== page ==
Teen dramas and romantic comedies are a weirdly cool thing now, thanks to some great movies in the ’80s like Sixteen Candles (1984), The Breakfast Club (1985), and Say Anything (1989). The ’90s had its own delightful entries like Clueless (1995), and even now we get some treasures like Easy A (2010), or movies that flirt with the genres like Juno (2007). The drama aspect has certainly taken center stage for the moment with popular YA entries and indie flicks like The Fault in Our Stars (2014) and The Spectacular Now (2013). I love all of the variations (well, I haven’t seen The Fault in Our Stars, admittedly), but I’m overjoyed when a high school drama has fun and doesn’t feel the need to put on too much irony when telling its story. The DUFF—much like its 2010 incarnation, Easy A—captures those positive qualities.
The DUFF (2015) gets its name from the concept of social cliques, referring to the friend in a group who is the “Designated Ugly Fat Friend.” Bianca (Mae Whitman) is told that she is the DUFF of her friendship trio by Wesley (Robbie Amell), a jock who Bianca has known for years due to being neighbors. This causes Bianca to shun her friends and turn to Wesley to become capable of asking out some tool named Toby (Nick Eversman) who brings his acoustic guitar everywhere.
The plot summary reflects the movie’s biggest flaw: it relies on the very tropes that it only occasionally critiques. When The DUFF engages with the themes and morals of high school dramas/comedies, it’s thoughtful on top of being funny and clever. For example, Bianca’s friends are shown to be great, caring people, but Bianca totally cuts them out of her life because a guy tells her about a social pecking order that her friends don’t even know about. These standards and measures of worth are imposed on people, but most importantly they turn friends against each other, pitting women against women. This clearly reflects the way we’re socialized not only to accept our places in society, but to turn against those whom we should value.
However, if you’re going to mock the genre you’re using, you can’t just borrow tropes for convenience without being aware of their pernicious qualities. The two biggest offenders in this regard are “The Makeover” and “He Was Right There All Along” tropes, which are two huge components of the story that are unchallenged. The issue isn’t even that The DUFF uses these tropes, but that it seems entirely unaware of the way those scenes push narratives that harm women’s sense of self-worth, and pushes forward the now-mocked concept of “The Nice Guy.”
There is some minimal commentary: Bianca feels the need to get a makeover because of social standards imposed on her, but is shamed by her entire school because someone captures a video of her actually enjoying the process. She’s pushed to do this thing, but then shamed for doing it. Still, the movie uses the essence of “The Makeover” repeatedly, to the point that the big homecoming dance hinges upon her getting dressed up. She’s allowed to just be herself, but only if she expresses herself in terms of social standards. For a movie that wants to be subversive, it too often gets caught being a summary rather than a critique of the genre.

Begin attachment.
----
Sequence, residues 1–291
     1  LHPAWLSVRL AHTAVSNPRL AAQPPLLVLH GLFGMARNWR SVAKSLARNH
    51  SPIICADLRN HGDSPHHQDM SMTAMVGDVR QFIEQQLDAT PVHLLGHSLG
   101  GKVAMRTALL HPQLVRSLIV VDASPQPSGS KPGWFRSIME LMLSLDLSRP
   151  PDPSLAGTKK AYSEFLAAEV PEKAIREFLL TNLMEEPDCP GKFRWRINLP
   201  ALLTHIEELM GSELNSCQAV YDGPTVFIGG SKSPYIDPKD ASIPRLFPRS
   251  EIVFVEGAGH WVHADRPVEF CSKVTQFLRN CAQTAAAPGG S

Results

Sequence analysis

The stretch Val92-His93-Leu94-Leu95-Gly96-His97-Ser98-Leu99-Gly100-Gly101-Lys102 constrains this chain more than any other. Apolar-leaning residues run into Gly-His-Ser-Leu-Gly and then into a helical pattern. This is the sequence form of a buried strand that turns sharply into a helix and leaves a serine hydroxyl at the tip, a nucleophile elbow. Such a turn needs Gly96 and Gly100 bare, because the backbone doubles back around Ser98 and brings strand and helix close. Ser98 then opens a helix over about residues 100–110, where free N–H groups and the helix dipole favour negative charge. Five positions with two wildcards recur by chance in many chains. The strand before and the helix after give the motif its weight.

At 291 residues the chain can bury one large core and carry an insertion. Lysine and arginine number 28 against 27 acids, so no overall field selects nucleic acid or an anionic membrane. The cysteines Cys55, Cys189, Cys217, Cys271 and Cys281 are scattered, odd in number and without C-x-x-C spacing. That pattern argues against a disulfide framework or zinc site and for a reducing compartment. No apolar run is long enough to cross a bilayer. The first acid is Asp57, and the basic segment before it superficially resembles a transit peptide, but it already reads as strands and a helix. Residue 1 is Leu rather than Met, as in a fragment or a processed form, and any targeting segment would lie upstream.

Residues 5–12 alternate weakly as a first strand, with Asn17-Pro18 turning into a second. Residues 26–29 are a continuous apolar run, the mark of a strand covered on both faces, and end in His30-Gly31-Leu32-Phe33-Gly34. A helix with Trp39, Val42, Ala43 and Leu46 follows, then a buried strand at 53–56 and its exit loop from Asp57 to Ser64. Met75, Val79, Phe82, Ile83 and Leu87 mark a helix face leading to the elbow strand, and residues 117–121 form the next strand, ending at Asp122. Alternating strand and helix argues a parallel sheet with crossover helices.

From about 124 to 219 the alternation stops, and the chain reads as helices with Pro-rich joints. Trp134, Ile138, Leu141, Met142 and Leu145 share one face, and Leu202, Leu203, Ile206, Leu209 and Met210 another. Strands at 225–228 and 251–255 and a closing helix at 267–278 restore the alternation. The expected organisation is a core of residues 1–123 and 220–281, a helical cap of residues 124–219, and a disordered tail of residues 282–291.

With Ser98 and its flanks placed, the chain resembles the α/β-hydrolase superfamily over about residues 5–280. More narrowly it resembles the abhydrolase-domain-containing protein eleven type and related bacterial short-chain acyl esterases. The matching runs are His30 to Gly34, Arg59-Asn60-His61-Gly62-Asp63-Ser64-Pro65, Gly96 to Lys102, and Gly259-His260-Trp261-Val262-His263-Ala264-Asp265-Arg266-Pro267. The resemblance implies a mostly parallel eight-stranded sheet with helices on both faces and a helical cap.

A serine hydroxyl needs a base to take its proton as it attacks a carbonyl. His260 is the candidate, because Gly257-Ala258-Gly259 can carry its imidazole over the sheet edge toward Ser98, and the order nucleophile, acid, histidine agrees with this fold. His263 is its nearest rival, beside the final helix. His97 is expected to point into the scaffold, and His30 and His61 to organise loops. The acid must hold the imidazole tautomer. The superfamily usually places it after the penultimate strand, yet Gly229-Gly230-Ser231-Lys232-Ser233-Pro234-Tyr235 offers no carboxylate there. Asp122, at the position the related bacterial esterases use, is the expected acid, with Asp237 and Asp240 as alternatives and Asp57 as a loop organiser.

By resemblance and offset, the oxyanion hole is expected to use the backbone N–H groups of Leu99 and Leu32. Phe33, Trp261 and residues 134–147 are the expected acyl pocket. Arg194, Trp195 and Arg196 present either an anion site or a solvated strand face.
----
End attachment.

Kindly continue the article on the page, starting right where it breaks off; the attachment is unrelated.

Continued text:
These criticisms are undoubtedly a little harsh and nitpicky, but as I often do, I’m putting the movie to a higher standard because I think the director and screenwriter, Ari Sandel and Josh A. Cagan, demand it. The DUFF wants to mock problematic aspects of its generic kin. It wants to be our Breakfast Club, emphasized by the opening line: “For generations of high schoolers, you could only be a jock, a geek, a princess, a bully, or a basket case. But, times have changed.” This is obviously a throwback to the famous closing narration of The Breakfast Club, with the implication that we’re about to see how Sandel and Cagan reshape the ’80s classic for the modern age. That’s a high standard to set, and thus it invites a consideration of whether that standard is met.
And my nitpicking is a bit too harsh, but it’s meant to indicate that The Duff doesn’t pull it all off. There are just too many small details missing. However, that doesn’t undermine the movie’s successes as an above-average high school drama/comedy flick. The writing is as good as Easy A‘s, with moments that made me laugh harder than most comedies. It has a personality all its own. Most importantly, all of the jokes are rooted in an understanding of the characters, pretty much all of whom are fleshed out well beyond all of the other classics that I mentioned.
My hastily made point here is that The DUFF is a great movie. It’s fun, hilarious, memorable, and well constructed at almost every level. It even has some solid food for thought. However, its purposeful references and intertextuality reveal ambition that was sadly not met in full, thus leaving me with a sense of missed opportunity. For all of those issues, though, The DUFF has quickly become a movie that I hope to watch repeatedly with various groups of friends, and if nothing else, it deserves to be at least a footnote in the canon of its genre’s greats.